Every year, November is National Diabetes Month, and Hoveround would like to share these 6 Tips to Help Control and Manage Type 2 Diabetes.
Managing Type 2 Diabetes
Type 2 diabetes is when your body becomes resistant to insulin, or when it stops producing enough insulin. Normally, your body turns most of the foods you eat into glucose (or sugar), and then the insulin is what breaks down that glucose and sends it into your cells to use for energy. However, when you don't produce enough insulin, that glucose doesn't get broken down and leaves you with sugar built up in your blood—thus the term “high blood sugar.”
The Centers for Disease Control and Prevention estimate that 2 out of every 5 Americans will develop type 2 diabetes during their lifetime. Many factors can contribute to type 2 diabetes, which is a serious disease, but there's good news because you can take steps to control and manage it.
6 Tips for How to Control Type 2 Diabetes
Exercise — Exercise is an important part to controlling your diabetes. How much exercise is necessary? That differs for each person, but aim for 20 to 30 minutes of activity 5 days a week. We're not talking running around the neighborhood if that's not feasible; however, you can find ways to be active even if you are using a Hoveround power wheelchair or mobility scooter. Walking or swimming may be possibilities, as are these 4 Exercises You Can Do in Your Wheelchair. But always remember to talk to your doctor before starting any sort of exercise regimen.
Plan Your Meals — It may not seem necessary, but taking the time to plan your meals for the week benefits you in many ways: It saves you stress from wondering what's for dinner, keeps you from making last-minute runs to the grocery store, prevents you from ordering fast-food meals, and most of all it ensures you're eating healthy.
You can simply grab a piece of paper and write down what you plan to make for each meal (yes, that means breakfast and lunch, too!), or you can do it on your computer, smartphone or tablet. There are plenty of websites and apps to help you with meal planning, and the bonus is these often include space for shopping lists and recipes.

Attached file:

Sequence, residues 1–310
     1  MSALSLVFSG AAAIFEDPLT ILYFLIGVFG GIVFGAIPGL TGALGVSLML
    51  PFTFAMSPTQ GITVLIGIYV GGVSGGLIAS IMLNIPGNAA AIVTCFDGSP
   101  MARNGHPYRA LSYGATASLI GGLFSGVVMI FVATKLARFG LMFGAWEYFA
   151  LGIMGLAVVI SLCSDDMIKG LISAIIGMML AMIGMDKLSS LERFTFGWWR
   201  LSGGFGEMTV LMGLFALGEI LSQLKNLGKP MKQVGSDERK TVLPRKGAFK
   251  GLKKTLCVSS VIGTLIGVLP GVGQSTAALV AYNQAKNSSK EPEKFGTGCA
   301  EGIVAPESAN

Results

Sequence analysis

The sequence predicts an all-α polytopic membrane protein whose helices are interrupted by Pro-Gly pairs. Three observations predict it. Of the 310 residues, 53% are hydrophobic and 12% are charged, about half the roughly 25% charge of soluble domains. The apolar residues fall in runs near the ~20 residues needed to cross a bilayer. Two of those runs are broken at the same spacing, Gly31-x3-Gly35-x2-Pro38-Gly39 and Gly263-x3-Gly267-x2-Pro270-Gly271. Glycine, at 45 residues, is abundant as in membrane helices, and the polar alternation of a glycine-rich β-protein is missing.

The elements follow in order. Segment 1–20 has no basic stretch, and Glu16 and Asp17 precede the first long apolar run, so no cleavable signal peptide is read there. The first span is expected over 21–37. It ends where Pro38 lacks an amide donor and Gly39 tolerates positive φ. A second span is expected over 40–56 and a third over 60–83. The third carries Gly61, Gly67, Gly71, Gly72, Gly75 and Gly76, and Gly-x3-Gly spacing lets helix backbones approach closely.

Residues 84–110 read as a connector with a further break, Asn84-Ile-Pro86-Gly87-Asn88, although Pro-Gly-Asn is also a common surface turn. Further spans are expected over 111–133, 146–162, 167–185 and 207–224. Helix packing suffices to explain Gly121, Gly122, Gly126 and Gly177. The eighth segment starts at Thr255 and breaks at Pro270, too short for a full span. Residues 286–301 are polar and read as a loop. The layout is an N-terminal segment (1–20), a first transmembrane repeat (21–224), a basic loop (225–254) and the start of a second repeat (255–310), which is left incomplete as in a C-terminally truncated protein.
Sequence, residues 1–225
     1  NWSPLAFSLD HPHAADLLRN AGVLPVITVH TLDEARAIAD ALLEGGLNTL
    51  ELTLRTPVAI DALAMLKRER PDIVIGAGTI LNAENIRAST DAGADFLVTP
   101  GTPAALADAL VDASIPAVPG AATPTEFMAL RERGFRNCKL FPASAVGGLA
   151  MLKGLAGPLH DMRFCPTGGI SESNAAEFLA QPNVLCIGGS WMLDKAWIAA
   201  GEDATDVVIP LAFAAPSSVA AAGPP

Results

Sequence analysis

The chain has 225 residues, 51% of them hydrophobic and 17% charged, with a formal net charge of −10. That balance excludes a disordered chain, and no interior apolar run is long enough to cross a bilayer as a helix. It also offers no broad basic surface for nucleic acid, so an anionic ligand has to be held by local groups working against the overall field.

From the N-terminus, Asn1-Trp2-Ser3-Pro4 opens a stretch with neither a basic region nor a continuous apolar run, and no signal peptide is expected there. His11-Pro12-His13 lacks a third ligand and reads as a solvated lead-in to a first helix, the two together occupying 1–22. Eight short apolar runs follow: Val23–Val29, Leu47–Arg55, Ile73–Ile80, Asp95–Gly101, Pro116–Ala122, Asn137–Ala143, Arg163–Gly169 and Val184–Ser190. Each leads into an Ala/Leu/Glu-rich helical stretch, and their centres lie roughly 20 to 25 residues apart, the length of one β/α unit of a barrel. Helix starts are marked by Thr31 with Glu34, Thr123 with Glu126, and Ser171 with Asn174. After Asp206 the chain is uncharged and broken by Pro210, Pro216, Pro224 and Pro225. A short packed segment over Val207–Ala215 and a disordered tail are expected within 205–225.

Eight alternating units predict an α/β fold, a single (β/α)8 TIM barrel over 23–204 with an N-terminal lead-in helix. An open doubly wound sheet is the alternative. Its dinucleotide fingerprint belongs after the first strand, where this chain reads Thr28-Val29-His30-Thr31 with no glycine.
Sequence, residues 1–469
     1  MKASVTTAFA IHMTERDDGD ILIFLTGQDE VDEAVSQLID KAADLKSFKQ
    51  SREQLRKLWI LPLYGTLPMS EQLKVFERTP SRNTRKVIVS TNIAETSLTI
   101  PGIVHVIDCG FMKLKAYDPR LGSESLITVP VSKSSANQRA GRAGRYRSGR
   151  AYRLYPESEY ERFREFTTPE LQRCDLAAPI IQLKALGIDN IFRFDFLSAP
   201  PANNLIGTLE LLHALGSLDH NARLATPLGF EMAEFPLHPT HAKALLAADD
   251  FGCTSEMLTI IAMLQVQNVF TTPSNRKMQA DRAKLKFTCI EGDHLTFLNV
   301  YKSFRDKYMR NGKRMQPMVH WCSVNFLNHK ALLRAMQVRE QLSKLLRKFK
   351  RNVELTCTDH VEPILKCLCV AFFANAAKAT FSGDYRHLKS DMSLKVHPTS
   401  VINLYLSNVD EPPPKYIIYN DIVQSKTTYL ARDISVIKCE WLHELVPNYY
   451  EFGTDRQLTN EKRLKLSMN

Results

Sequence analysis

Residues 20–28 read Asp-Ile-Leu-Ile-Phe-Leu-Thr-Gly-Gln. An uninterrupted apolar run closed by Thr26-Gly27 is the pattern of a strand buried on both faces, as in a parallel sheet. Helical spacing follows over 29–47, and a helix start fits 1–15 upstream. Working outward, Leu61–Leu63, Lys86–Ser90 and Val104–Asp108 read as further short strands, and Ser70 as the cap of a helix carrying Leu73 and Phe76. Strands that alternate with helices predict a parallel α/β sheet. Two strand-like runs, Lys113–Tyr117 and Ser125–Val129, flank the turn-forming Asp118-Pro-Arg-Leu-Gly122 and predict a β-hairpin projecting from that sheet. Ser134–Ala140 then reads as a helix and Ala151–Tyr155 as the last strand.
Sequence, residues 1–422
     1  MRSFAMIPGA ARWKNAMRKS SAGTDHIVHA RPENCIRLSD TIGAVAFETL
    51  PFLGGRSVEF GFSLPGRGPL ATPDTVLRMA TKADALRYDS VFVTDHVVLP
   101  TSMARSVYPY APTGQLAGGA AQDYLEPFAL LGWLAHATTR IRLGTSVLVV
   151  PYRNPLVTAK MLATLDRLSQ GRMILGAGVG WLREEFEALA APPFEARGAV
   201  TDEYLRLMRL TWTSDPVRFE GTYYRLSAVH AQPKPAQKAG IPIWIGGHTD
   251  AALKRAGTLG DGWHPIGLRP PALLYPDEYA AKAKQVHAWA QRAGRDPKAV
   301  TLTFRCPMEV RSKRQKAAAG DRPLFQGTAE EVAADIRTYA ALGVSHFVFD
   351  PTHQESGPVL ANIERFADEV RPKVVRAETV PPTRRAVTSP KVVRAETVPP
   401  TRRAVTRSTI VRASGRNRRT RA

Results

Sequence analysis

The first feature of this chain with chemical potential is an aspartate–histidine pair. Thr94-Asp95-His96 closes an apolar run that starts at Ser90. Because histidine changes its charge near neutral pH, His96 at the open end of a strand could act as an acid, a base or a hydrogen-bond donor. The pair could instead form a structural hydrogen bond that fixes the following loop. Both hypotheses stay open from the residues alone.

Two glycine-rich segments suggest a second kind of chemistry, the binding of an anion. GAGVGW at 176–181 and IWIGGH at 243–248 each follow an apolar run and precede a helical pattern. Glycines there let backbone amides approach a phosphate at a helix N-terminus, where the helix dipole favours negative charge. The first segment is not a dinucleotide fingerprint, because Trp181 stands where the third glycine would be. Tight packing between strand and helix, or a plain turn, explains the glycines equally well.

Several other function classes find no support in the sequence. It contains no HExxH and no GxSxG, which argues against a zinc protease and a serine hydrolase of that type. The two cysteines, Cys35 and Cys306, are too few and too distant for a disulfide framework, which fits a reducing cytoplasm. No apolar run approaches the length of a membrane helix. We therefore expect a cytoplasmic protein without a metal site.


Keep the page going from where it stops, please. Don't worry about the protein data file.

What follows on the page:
Read Food Labels — Nutrition labels on packaged foods can seem overwhelming, but it's important to understand what is in what you're eating (and bonus points for eating fresh foods that need no label!). Some key things to look at are the amount of saturated fats, trans fats, and cholesterol in your foods. Aim for no trans fats, very low saturated fats, and low cholesterol to keep your blood cholesterol low. Keep the sodium low to help lower your blood pressure, and note that packaged foods contain high amounts of sodium to maintain freshness.
Lower Carbs — One of the most important parts of the nutrition label you'll need to pay attention to is carbohydrates. Because our bodies turn some carbohydrates into glucose, eating carbohydrates such as sugars or starches can make blood sugar levels rise. This doesn't mean going on a no-carb or low-carb diet; rather, it's being conscious of what you're consuming and eating well-balanced meals instead of a dinner of all carbs. Most people don't realize how many carbs they actually eat so taking notice of this can help your sugar levels.
Get Fiber — Feel like you're always hungry? Make sure you're getting enough fiber! Since fiber helps you feel full longer, it's important to eat fiber-rich foods so you won't grab for those carbohydrates just so you won't feel hungry. Some good choices for foods high in fiber include fruits, vegetables, beans, lentils, oatmeal, whole grains, nuts and seeds.
Use Smaller Portions — It's not uncommon that plate portions include a meat or protein as the largest part, with vegetables only a small side. However, you should think of vegetables and fruits as your main course and carbs and proteins as the side items. For example, set up half of your meal size with fruits and vegetables, with one-quarter for grains and one-quarter for the lean protein. Smaller overall portion sizes will help, too!
November is National Diabetes Month. Share these 6 Tips to Help Control and Manage Type 2 Diabetes, and if you're experiencing difficulty getting around, contact us today at (800) 542-7236 to find out how you can regain your mobility and retain your independence!